Weaners up to 8 weeks of age were fed a standard rodent breeding

Weaners up to 8 weeks of age were fed a standard rodent breeding diet and thereafter a standard rodent maintenance diet (Special Diet Services, South Witham,

UK). All procedures complied with the UK Animals (Scientific Procedures) Act 1986 and were reviewed and approved by the ethics committee of the Royal Veterinary College (London, UK). The magnitude of longitudinal mechanical strain at the tibial midshaft resulting from the loads applied to the tibia was established ex vivo in a sub-sample of male and female Lrp5HBM+ and Lrp5−/− mice and their respective WT littermate controls. In each mouse a single element strain gauge (EA-06-015DJ-120, Vishay Measurement Group, NC) Pexidartinib nmr was bonded with cyanoacrylate adhesive in longitudinal alignment to the medial aspect of the tibia

at 37% of its length from the proximal end. Previous studies have shown that this region corresponds to the site of greatest osteogenic response to similar loading [23]. Strains were measured across a range of peak compressive loads between 8 and 30 N ( Figs. 1 A–B). These peak loads were applied with a ramped trapezoidal waveform using the same servo-hydraulic machine (Dartec HC10, Zwick Roell, Herefordshire, UK) used for in vivo loading. When the Selleck mTOR inhibitor compressive force is applied to the tibia the bone bends in the medial-lateral direction resulting in tension on the medial surface and compression on the lateral surface [24]. From the data in Figs. 1 A–B, three magnitudes of peak load were selected for use in the loading experiment. These were chosen to engender measurable, graded osteogenic responses without causing damage to the bones or joints or the skin through which the loads were applied. Prior to the in vivo loading experiment, strain gauges Bumetanide were used to measure the longitudinal strains applied to the medial surface of the tibia (ex vivo) for each group of mice across a range of compressive forces ( Figs. 1A–B).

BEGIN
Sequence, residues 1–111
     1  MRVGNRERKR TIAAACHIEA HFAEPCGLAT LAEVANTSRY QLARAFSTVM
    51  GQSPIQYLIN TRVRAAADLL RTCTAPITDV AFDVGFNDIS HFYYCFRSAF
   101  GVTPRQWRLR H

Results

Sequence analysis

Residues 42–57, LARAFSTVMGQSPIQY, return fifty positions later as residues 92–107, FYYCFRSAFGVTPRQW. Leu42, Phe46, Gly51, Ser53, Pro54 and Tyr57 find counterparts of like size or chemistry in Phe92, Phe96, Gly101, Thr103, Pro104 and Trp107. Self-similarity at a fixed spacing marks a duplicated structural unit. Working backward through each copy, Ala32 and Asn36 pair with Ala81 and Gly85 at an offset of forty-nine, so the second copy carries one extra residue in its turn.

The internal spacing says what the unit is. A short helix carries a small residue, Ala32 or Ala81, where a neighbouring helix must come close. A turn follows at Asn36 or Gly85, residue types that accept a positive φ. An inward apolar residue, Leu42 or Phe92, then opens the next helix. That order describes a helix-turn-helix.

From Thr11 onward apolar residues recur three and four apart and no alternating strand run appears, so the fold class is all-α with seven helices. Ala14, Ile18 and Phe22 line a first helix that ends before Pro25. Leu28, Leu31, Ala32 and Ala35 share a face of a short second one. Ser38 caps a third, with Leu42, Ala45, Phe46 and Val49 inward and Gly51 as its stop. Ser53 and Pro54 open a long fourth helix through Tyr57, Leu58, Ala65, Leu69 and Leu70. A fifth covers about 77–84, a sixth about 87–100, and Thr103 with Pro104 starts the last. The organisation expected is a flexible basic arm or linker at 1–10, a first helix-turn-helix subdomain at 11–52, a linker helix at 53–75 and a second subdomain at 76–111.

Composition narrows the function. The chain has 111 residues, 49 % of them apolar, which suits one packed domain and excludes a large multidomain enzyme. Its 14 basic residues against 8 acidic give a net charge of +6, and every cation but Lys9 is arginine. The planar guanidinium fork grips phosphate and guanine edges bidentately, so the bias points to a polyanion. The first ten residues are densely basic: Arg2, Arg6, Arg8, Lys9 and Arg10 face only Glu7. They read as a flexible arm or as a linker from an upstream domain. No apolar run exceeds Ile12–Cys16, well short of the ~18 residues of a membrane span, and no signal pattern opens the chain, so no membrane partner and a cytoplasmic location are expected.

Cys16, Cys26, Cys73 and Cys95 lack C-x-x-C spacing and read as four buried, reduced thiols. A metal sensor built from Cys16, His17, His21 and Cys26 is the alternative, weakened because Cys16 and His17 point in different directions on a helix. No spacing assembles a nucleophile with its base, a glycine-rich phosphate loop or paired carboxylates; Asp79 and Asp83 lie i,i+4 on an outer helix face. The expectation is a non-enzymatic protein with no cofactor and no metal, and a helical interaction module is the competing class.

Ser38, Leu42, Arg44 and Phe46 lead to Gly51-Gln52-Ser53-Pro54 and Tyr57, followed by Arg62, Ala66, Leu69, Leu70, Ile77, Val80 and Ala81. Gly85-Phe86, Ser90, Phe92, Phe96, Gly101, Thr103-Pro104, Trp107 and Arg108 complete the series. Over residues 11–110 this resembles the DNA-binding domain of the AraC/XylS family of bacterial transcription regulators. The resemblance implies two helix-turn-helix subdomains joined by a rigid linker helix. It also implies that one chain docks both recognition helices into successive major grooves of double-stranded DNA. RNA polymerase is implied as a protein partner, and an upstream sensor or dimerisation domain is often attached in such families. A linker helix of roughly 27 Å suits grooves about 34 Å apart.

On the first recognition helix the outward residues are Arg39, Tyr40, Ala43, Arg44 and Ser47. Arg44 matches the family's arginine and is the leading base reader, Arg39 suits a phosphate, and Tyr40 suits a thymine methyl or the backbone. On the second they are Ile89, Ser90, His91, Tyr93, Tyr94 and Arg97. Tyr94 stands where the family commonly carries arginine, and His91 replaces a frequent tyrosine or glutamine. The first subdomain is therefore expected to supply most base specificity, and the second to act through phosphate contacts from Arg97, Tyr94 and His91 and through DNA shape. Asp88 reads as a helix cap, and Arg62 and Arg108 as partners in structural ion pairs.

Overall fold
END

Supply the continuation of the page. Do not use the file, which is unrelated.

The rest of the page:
The strain engendered at each load (N) was significantly less in the male and female Lrp5HBM+ mice compared with their WTHBM− littermates (p < 0.01) and significantly greater in the male and female Lrp5−/− mice compared with their WT+/+ littermates (p < 0.01). Fig. 1C demonstrates that these strains strongly correlated with the cortical area measured at this site in each group of mice (r2 = 0.83, p < 0.01). Seventeen week old male and female Lrp5HBM+ or Lrp5−/− mice and their respective WT littermates were randomly assigned to one of three loading groups (n = 8/group). While under oxygen and halothane anaesthetic (Merial, Ireland) the right tibia from each mouse was axially loaded on 3 alternate days per week for 2 weeks for 40 cycles/day with a trapezoid waveform, with 14.9 second rest between cycles ( Fig. 1D). The left tibia was used as a non-loaded control to allow side-to-side comparisons for the effects of loading on (re)modelling.

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